|SLUG: 5-47245 Blue Marlin||DATE:||NOTE NUMBER:|
INTRO: A Norwegian-owned semi-submersible heavy lift ship called the Blue Marlin is to arrive in the Yemeni harbor of Aden shortly to salvage the U-S destroyer Cole, damaged earlier this month in a terrorist attack. V-O-A Pentagon Correspondent Alex Belida reports on this unique operation.
TEXT: When a deadly terrorist bomb blew a hole some 13 by 15 meters in the side of the Cole directly at the waterline, sailors had to struggle for days to keep the vessel from sinking. Navy officials say the destroyer is now stable. Pumping and shoring efforts inside the Cole have kept it afloat to face the ship's next challenge: a lengthy trip back to the United States for permanent repairs.
But the Cole is too badly damaged to make the journey on its own power. Instead, it will be carried aboard another ship: the huge, 217-meter long, 56 thousand metric ton heavy lift vessel, the Blue Marlin.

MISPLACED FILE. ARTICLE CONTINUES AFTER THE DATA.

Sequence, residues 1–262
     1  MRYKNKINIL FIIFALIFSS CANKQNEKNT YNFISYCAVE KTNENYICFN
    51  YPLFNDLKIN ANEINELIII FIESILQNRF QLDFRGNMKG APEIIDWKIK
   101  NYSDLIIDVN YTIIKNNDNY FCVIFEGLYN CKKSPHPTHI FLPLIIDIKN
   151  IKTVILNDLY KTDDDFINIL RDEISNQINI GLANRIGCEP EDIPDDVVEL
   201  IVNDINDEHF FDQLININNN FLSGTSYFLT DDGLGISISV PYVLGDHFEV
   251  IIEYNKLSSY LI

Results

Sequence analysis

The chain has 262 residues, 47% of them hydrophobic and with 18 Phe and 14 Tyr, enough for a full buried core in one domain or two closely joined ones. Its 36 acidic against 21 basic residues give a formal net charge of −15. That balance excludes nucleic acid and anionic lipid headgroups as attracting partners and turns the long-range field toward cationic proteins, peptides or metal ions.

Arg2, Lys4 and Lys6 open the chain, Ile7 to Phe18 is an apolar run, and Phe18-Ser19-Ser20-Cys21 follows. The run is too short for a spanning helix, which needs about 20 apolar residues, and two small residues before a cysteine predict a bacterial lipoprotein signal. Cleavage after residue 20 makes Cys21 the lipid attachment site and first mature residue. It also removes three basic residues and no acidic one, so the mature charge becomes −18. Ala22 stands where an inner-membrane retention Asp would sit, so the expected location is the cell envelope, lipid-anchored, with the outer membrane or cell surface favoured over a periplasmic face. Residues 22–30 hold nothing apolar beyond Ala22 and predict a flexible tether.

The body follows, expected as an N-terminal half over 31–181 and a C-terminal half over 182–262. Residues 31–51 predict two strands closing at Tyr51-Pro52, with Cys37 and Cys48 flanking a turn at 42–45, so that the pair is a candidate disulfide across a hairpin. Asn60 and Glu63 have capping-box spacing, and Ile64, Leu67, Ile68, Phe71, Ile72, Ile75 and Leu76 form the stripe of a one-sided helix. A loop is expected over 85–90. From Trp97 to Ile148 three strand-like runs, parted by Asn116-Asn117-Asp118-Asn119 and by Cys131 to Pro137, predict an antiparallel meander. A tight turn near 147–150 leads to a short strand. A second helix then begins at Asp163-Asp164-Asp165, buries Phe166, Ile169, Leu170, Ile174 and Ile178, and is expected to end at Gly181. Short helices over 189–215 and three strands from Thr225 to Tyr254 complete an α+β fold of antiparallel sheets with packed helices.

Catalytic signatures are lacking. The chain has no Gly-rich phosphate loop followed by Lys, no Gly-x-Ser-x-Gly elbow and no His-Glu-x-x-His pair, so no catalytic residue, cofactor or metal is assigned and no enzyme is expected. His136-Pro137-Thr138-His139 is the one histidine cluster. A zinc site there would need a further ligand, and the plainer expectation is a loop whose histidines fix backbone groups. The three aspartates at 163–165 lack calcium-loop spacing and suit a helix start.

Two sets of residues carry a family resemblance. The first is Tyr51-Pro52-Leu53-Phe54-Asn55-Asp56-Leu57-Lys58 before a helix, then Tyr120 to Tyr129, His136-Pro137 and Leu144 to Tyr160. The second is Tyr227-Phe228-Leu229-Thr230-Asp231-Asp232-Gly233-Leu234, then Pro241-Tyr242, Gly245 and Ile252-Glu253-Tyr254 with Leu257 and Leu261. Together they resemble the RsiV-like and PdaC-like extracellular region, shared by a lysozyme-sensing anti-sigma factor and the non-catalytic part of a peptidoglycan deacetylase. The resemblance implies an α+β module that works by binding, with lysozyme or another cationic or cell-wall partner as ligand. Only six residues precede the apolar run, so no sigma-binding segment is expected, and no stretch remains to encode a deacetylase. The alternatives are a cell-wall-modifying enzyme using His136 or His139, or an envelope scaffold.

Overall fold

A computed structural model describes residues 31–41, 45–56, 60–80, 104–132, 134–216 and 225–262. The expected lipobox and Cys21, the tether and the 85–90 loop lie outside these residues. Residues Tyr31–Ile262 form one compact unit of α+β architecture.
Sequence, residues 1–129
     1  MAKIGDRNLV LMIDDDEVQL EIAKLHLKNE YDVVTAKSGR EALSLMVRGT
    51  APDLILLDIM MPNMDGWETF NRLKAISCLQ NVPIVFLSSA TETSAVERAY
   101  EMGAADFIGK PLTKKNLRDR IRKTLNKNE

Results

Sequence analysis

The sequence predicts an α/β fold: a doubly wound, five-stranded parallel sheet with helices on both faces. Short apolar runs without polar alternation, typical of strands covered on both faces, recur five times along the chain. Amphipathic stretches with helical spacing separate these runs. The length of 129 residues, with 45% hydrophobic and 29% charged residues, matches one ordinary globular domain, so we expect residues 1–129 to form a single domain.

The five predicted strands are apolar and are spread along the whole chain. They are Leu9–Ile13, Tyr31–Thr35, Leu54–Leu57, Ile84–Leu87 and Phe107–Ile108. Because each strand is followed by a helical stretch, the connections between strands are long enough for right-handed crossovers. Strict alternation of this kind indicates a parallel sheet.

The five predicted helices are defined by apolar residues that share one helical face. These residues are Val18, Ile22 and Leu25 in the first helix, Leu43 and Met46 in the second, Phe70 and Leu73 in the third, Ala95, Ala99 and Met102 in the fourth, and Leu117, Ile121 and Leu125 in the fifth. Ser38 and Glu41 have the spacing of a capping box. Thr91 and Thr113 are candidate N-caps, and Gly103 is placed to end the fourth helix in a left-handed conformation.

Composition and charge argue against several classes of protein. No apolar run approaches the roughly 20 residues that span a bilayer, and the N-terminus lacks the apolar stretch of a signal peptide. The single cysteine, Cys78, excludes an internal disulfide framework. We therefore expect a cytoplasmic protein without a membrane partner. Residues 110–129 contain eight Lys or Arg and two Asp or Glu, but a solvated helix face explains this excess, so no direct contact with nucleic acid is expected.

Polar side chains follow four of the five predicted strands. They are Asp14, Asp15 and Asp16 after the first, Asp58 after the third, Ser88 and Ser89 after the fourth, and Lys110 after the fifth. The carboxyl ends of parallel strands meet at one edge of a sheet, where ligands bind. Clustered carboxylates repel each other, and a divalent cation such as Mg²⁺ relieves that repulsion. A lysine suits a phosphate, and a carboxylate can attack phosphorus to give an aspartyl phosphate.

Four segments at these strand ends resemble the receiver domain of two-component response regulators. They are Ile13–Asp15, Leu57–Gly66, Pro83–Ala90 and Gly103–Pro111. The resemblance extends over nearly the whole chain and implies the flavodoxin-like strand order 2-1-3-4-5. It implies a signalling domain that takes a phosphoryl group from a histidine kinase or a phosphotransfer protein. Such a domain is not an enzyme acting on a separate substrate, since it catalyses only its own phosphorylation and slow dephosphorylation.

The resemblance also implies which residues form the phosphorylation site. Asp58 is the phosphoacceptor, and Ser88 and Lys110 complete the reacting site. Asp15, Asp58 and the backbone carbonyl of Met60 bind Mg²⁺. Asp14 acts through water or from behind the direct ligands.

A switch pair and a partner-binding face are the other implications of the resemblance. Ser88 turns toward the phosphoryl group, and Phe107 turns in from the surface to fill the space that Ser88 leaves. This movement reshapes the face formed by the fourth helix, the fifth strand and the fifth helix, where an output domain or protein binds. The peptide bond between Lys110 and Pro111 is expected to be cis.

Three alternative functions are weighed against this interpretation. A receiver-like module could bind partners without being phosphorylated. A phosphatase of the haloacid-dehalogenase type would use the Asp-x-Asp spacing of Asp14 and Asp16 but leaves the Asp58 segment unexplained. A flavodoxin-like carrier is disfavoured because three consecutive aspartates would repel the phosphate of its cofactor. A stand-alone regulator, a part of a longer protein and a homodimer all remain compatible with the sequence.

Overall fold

The Norwegian-owned ship has a cargo bed that will be submerged and then steered directly underneath the damaged destroyer. The bed will then rise up and hoist the Cole out of the water.
Pentagon spokesman, Rear Admiral Craig Quigley, explains the process:
You literally sink the vessel, flood her down to a seawater or sea level depth, and then the Cole is then placed on top, pump out the tanks and the vessel rises with the Cole in support skids to support the transit.
The Cole will first be towed out of Aden harbor into deeper water. Experts said the support struts will have to be carefully positioned to cradle the damaged hull.
Only then, says Admiral Quigley, will the expected month-long piggyback journey to the United States get under way.
As soon as she is secure on board and everything has checked, she'll start the transit back to the United States.
Although the Blue Marlin only entered service this year, it has already carried out one other job for the U-S Navy. In July, she loaded not one but two minesweepers onto her cargo deck at a single time and transported them from Corpus Christie, Texas to the Persian Gulf state of Bahrain via the Suez Canal.
The Blue Marlin is one of two identical ships the other is called the Black Marlin operated by Offshore Heavy Transport of Oslo, Norway. In addition to minesweepers and other navy vessels, they have carried oil drilling rigs and floating drydocks.